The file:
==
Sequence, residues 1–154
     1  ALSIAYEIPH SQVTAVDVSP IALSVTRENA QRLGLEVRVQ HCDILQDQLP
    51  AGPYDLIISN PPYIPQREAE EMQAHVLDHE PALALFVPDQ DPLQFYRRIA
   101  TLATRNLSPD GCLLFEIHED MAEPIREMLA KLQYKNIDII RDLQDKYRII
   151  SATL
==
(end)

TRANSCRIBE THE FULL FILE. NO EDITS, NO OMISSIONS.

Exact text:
Sequence, residues 1–154
     1  ALSIAYEIPH SQVTAVDVSP IALSVTRENA QRLGLEVRVQ HCDILQDQLP
    51  AGPYDLIISN PPYIPQREAE EMQAHVLDHE PALALFVPDQ DPLQFYRRIA
   101  TLATRNLSPD GCLLFEIHED MAEPIREMLA KLQYKNIDII RDLQDKYRII
   151  SATL